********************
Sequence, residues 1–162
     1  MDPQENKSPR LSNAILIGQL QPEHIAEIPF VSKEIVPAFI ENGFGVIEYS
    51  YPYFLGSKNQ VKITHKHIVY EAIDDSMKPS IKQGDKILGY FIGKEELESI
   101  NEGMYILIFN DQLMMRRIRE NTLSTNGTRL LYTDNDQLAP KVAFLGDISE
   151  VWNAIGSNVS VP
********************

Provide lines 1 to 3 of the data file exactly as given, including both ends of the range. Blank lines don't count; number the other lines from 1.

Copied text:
Sequence, residues 1–162
     1  MDPQENKSPR LSNAILIGQL QPEHIAEIPF VSKEIVPAFI ENGFGVIEYS
    51  YPYFLGSKNQ VKITHKHIVY EAIDDSMKPS IKQGDKILGY FIGKEELESI